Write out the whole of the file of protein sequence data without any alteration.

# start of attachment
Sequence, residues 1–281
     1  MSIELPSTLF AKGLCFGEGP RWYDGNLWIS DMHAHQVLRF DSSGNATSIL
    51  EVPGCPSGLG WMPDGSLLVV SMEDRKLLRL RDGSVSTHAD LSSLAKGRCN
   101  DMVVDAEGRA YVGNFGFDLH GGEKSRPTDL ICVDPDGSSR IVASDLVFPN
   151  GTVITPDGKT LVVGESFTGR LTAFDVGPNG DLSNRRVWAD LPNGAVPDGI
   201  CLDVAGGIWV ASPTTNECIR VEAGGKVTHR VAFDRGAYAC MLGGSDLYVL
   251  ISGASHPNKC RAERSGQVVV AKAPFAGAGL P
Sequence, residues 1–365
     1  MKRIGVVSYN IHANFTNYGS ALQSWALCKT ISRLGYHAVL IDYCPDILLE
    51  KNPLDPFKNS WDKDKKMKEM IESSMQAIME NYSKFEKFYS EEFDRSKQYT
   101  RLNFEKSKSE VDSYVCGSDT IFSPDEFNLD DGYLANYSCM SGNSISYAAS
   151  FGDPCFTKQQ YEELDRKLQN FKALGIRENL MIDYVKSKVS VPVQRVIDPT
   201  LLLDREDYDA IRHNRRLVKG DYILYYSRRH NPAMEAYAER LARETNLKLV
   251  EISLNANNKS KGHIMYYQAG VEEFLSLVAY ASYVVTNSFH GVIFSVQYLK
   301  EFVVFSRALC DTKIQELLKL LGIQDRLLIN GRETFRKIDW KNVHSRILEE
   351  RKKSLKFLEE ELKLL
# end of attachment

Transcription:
Sequence, residues 1–281
     1  MSIELPSTLF AKGLCFGEGP RWYDGNLWIS DMHAHQVLRF DSSGNATSIL
    51  EVPGCPSGLG WMPDGSLLVV SMEDRKLLRL RDGSVSTHAD LSSLAKGRCN
   101  DMVVDAEGRA YVGNFGFDLH GGEKSRPTDL ICVDPDGSSR IVASDLVFPN
   151  GTVITPDGKT LVVGESFTGR LTAFDVGPNG DLSNRRVWAD LPNGAVPDGI
   201  CLDVAGGIWV ASPTTNECIR VEAGGKVTHR VAFDRGAYAC MLGGSDLYVL
   251  ISGASHPNKC RAERSGQVVV AKAPFAGAGL P
Sequence, residues 1–365
     1  MKRIGVVSYN IHANFTNYGS ALQSWALCKT ISRLGYHAVL IDYCPDILLE
    51  KNPLDPFKNS WDKDKKMKEM IESSMQAIME NYSKFEKFYS EEFDRSKQYT
   101  RLNFEKSKSE VDSYVCGSDT IFSPDEFNLD DGYLANYSCM SGNSISYAAS
   151  FGDPCFTKQQ YEELDRKLQN FKALGIRENL MIDYVKSKVS VPVQRVIDPT
   201  LLLDREDYDA IRHNRRLVKG DYILYYSRRH NPAMEAYAER LARETNLKLV
   251  EISLNANNKS KGHIMYYQAG VEEFLSLVAY ASYVVTNSFH GVIFSVQYLK
   301  EFVVFSRALC DTKIQELLKL LGIQDRLLIN GRETFRKIDW KNVHSRILEE
   351  RKKSLKFLEE ELKLL